Working From Home Sustainably
Sustainability starts at home. With more and more of us working from home, now is as good an opportunity as ever to improve sustainability habits.
Harsh artificial lighting is one of the worst parts of working in an office — so why reproduce that at home? Save energy by positioning your desk near a sunny window and turning down the lights around your house. This study found that natural sunlight improves employee mood and productivity — aka energy-saving efforts plus an added boost to productivity.
Ditch Extra Paper and Plastic
Trips to our favorite cafes before work have been replaced by regular coffee breaks in our kitchens. This simple habit change adds up to less single-use coffee cups or reusable cups. Sixteen billion paper cups are used for coffee each and every year — which means 6.5 million trees cut down, 4 billion gallons of water going to waste, and the loss of enough energy to power 54,000 homes for a year.
Take this time at home to find your favorite mug and perfect your coffee brewing skills. We won’t blame you for rushing back to your favorite coffee shop when businesses open back up — but we hope you’ll consider bringing your reusable cup, if considered safe, to fill with your favorite local brew!
The same goes for switching out water bottles for reusable bottles or at-home glassware.
Washcloths for the Win
We can’t deny the utility of a good roll of paper towels. Inevitably we deal with spills, stains, and messes around the house on a daily basis, and there’s nothing easier than wiping up a mess with paper towels and disposing of them. But those paper towels add up day to day and household to household — amounting to 13 billion pounds of paper towel waste each year in America.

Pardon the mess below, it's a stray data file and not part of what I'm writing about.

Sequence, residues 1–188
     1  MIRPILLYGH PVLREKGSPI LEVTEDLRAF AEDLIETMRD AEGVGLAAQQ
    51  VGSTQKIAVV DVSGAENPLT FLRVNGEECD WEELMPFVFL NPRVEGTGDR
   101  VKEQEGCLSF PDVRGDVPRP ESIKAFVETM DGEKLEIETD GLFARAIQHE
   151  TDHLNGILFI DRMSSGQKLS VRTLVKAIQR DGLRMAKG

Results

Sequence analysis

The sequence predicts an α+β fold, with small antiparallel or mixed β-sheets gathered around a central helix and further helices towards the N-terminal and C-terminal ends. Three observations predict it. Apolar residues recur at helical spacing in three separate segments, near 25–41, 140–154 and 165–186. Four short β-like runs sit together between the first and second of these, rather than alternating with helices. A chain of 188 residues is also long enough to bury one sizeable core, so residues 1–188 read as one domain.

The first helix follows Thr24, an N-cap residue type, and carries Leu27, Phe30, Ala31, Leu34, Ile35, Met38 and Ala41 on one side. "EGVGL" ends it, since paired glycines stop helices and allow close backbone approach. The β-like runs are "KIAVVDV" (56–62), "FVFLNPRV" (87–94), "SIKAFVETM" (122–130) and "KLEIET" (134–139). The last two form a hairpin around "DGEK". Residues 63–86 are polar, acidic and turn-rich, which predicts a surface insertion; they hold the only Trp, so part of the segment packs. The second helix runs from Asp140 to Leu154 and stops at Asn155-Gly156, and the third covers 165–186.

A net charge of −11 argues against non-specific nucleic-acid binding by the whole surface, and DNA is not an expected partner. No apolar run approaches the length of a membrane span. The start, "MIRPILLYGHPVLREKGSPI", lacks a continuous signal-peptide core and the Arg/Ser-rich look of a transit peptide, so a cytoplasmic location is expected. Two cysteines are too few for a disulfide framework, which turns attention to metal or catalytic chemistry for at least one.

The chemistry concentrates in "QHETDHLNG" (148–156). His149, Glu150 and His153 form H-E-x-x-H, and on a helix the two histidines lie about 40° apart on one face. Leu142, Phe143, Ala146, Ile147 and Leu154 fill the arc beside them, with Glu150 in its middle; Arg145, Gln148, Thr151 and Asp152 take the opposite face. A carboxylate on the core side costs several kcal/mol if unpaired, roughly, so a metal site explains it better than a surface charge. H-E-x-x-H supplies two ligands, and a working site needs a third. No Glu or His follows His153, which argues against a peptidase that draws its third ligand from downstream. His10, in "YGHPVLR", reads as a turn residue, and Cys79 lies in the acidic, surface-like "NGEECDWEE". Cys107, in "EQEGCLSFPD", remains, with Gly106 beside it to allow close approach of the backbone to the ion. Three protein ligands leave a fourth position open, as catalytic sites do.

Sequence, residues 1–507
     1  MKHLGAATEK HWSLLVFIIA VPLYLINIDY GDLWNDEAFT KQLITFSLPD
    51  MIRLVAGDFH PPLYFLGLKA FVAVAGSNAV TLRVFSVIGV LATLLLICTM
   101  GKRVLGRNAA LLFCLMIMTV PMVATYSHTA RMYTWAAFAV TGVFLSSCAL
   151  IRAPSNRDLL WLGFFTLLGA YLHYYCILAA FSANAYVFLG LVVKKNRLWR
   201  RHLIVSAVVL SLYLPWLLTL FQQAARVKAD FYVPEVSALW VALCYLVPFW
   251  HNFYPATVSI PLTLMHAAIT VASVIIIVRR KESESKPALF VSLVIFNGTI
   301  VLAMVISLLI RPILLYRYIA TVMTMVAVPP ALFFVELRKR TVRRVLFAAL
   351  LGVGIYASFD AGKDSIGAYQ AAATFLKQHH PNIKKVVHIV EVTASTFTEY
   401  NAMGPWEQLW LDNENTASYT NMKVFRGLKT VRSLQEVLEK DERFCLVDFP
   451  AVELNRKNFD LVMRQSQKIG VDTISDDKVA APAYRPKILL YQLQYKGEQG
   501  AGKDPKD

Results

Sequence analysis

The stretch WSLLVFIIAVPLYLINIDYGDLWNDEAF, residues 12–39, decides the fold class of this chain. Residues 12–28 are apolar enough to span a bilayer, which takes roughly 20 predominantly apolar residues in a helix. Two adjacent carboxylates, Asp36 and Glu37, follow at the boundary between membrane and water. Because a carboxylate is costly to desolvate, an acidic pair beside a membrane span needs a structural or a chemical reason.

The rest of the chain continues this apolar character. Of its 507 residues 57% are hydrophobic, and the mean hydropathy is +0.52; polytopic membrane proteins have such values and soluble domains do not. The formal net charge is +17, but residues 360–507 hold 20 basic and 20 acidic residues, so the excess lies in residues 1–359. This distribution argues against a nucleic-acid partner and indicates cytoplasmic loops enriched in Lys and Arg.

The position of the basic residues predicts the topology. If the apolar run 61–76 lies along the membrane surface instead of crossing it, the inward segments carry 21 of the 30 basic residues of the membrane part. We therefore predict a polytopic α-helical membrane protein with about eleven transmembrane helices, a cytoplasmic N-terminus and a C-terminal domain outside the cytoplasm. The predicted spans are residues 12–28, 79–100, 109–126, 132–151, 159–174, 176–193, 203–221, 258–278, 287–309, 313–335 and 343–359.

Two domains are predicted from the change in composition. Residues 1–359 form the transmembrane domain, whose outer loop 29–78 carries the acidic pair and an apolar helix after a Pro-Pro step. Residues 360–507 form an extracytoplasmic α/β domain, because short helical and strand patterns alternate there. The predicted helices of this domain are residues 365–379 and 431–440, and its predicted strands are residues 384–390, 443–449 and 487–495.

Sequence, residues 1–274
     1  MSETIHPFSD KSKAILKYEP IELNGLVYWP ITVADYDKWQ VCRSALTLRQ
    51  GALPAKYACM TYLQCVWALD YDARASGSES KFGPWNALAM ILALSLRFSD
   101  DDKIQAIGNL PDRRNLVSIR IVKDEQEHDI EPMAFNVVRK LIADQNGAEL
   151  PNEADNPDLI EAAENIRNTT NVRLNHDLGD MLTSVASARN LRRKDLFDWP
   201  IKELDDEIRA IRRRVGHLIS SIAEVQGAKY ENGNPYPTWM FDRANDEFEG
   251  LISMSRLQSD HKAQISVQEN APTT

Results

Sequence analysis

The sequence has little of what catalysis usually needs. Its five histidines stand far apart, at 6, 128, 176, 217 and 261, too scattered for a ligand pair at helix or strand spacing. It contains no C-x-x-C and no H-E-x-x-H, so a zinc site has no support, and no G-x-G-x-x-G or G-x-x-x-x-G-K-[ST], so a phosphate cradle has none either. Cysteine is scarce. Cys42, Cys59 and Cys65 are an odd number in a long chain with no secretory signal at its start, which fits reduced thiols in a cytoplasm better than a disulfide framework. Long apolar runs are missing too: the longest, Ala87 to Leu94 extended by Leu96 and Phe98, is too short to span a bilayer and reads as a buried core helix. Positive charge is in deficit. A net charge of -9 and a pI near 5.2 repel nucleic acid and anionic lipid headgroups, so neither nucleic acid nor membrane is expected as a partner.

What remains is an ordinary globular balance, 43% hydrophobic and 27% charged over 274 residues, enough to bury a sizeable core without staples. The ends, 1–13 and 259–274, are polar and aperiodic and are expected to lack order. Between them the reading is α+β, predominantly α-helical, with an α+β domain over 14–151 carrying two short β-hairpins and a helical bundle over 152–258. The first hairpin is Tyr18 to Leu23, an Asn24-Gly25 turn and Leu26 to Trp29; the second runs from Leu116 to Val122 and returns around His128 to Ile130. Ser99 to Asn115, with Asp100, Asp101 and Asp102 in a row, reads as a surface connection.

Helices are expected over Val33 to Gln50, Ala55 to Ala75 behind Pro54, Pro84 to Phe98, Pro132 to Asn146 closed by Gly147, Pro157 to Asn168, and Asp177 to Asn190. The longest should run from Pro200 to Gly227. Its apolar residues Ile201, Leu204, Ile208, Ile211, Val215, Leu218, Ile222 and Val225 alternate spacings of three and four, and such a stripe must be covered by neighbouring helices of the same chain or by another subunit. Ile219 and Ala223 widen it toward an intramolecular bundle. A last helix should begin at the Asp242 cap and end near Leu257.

Switching to washcloths for most or all of your daily spills and stains makes a monumental difference in your personal consumption footprint. Washcloths are more absorbent, reusable, and available in many more colors and designs that fit with any home’s aesthetic.
Watch Your Water Usage
It can be tempting to toss a dish in the dishwasher or pair of pants in the washing machine and hit start. But waiting until you have a full load of laundry or a full dishwasher before running a cycle can reduce your water usage and save your water bill.
Some may also consider installing a low-flow showerhead that optimizes water pressure and reduces gallons per minute by as much as 50%. Some even offer an option to pause for when you are shampooing or washing your body and can save hundreds if not thousands of gallons of water per year.
There are countless other ways to work from home sustainably, such as making meals at home versus ordering takeout or buying groceries in bulk instead of making multiple trips.